Free Ulysses Essays and Papers

Satisfactory Essays
Good Essays
Better Essays
Powerful Essays
Best Essays
  • Good Essays

    Explication of Ulysses

    • 676 Words
    • 2 Pages
    • 4 Works Cited

    Explication Of Ulysses In this poem, Tennyson reworks the figure of Ulysses by drawing on the ancient hero of Homer's Odyssey. Homer's Ulysses learns from a prophecy that he will take a final sea voyage after killing the suitors of his wife Penelope. Ulysses finds himself restless in Ithaca and driven by "the longing I had to gain experience of the world”. Ulysses says that there is little point in his staying home "by this still hearth" with his old wife, handing out rewards and punishments

    • 676 Words
    • 2 Pages
    • 4 Works Cited
    Good Essays
  • Better Essays

    Ulysses Alighieri

    • 1211 Words
    • 3 Pages

    Ulysses Alighieri In Dante’s “Inferno”, among many other sins, in Canto XXVI the “counselors of fraud” are being punished. These people are being constantly consumed by flames, and more importantly, as Dante points out, are forced to speak through the “tongues” or fire, which pains them greatly. This follows Dante’s idea of punishment that is the same as the sin -- just as they spoke falsely at ease, they should have great difficulty speaking now. The most prominent man in this bowge is a legendary

    • 1211 Words
    • 3 Pages
    Better Essays
  • Good Essays

    To me, Ulysses was a necessary evil, in that I thought that I would not be able to call myself a literature student unless I had read the entire novel. While my journey through Ulysses was laden with moments of bewilderment, exasperation, and self-pity, I was able to power my way through the novel with a deeper appreciation for the way James Joyce was able to create a linear story told through a series of non-linear writing styles. In retrospect, the grueling challenge of reading Ulysses made me

    • 1404 Words
    • 3 Pages
    Good Essays
  • Satisfactory Essays

    Ulysses is a grand work of superscription, the creation of a palimpsest spanning millennia of western thought, from the centuries of oral tradition. Australians confronting their insidious, invisible birthrights: cultural cringe, the "tyranny of distance" exacerbated by the "anxiety of influence"--in sum, a mythos where art, like life, is "elsewhere"-- may take tonic from Joyce's despair with his own country, the "afterthought of Europe", despite its brilliant literary stars: Swift, Wilde, Yeats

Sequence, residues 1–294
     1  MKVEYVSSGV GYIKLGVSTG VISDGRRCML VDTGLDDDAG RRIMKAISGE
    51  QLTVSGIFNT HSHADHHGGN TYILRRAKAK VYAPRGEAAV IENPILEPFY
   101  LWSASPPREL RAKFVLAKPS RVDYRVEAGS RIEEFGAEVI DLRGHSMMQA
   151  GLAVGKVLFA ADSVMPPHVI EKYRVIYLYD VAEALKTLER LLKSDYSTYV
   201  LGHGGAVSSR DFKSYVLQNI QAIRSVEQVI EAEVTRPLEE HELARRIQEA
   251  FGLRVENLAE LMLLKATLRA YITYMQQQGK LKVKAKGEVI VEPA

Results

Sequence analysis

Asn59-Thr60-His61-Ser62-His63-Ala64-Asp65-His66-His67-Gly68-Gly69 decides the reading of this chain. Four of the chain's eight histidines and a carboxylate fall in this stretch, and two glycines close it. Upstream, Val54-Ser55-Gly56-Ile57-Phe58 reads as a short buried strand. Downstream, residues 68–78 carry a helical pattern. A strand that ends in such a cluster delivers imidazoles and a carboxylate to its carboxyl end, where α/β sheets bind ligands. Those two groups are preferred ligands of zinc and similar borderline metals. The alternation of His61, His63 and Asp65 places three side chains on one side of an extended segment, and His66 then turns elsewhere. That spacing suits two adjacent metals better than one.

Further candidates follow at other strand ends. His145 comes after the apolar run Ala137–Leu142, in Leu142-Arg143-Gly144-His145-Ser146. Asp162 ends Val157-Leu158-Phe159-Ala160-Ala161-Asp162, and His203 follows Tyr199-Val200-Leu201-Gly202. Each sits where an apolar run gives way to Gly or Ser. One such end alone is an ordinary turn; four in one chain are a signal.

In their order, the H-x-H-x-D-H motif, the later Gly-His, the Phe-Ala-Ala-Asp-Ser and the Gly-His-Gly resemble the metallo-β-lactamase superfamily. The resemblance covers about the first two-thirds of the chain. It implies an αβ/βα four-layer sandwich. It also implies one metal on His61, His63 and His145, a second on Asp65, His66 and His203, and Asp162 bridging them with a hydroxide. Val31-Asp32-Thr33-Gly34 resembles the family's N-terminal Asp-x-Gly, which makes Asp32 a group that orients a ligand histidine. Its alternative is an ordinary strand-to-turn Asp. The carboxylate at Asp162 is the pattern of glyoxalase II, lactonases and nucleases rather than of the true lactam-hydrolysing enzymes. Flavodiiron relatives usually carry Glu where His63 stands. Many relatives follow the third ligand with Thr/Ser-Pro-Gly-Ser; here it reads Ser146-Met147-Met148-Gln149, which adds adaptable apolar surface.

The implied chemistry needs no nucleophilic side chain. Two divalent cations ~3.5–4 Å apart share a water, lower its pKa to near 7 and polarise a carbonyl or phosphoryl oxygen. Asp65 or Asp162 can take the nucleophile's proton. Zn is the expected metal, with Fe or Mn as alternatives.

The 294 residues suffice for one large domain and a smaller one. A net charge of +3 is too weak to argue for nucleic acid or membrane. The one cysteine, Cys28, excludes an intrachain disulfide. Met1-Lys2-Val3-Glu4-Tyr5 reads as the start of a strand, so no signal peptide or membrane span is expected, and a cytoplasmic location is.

• 693 Words
    • 2 Pages
    Satisfactory Essays
  • Better Essays

    Ulysses by Alfred Tennyson

    • 1224 Words
    • 3 Pages
    • 2 Works Cited

    Ulysses by Alfred Tennyson 'Ulysses' is both a lament and an inspiring poem. Even modern readers who are not so familiar with the classics, can visualize the heroic legend of Ulysses, and so is not prepared for what he finds in the poem— not Ulysses the hero but Ulysses the man. Tennyson brings out the agony felt by Ulysses at his old age, The influence of the Industrial age can be seen in Tennyson's usage of the word 'profits' in the very first line . The character calls himself 'idle'

    • 1224 Words
    • 3 Pages
    • 2 Works Cited
    Better Essays
  • Better Essays

    Ulysses by James Joyce

    • 1153 Words
    • 3 Pages

    Ulysses by James Joyce Many novelists directly reflect their life stories and personal circumstances in their works, so closely that the works may seem autobiographical. Although there are autobiographical parallels between James Joyce's life and that of his characters in Ulysses, the novel's scattered autobiographical details are more in the line of delightful puzzles to be ferreted out, rather than direct insights into Joyce's life. What is really important in Ulysses is not the ties to Joyce's

    • 1153 Words
    • 3 Pages
    Better Essays
  • Best Essays

    William Blake’s Influence on Joyce’s Ulysses Stephen Dedalus is a poor schoolteacher.  Poor in the sense that he lives in a one-room tower and eats nothing all day, sure, but poor mainly in the sense that he is a rotten instructor. You, Cochrane, what city sent for him? Tarentum, sir. Very good.  Well? There was a battle, sir. Very good.  Where? The boy's blank face asked the blank window. [1] He grills his students in much the same way his first teachers drilled him;

    • 1849 Words
    • 4 Pages
    • 2 Works Cited
    Best Essays
  • Satisfactory Essays

    The Cybernetic Plot of Ulysses A paper delivered at the CALIFORNIA JOYCE conference (6/30/93) To quote the opening of Norbert Wiener's address on Cybernetics to the American Academy of Arts and Sciences in March of 1950, The word cybernetics has been taken from the Greek word kubernitiz (ky-ber-NEE-tis) meaning steersman. It has been invented because there is not in the literature any adequate term describing the general study of communication and the related study of control in both machines

    • 2941 Words
    • 6 Pages
    Satisfactory Essays
  • Powerful Essays

    His style is varying within each novel and he is constantly challenging formal writing norms even in his afterlife. Agenbite of inwit is translated from Middle English as “Remorse of Conscience,” Joyce uses this term in several places throughout Ulysses to show introspection of principle characters in relation to guilt. Leopold Bloom and Stephen Dedalus portray agenbite of inwit in the chapters: Telemachus,Wandering Rocks and Circe. The Ayenbite of Inwyt(original spelling) is a confessional style

    • 1516 Words
    • 4 Pages
    Powerful Essays
  • Satisfactory Essays

    A Rock n' Roll Ulysses

    • 4018 Words
    • 9 Pages
    • 12 Works Cited

    A Rock n' Roll Ulysses In a letter to Carlo Linati, James Joyce wrote, "Each adventure [in Ulysses]. . . should not only condition but even create its own technique" (Dettmar, from Joyce, 143). Written nearly three decades before "long players" (phonograph record albums) were to invade the marketplace, Ulysses stylistically resembles a pop album (or the other way around). Ulysses was composed of eighteen "adventures" that created their own technique. The same principle applies to pop albums

    • 4018 Words
    • 9 Pages
    • 12 Works Cited
    Satisfactory Essays
  • Satisfactory Essays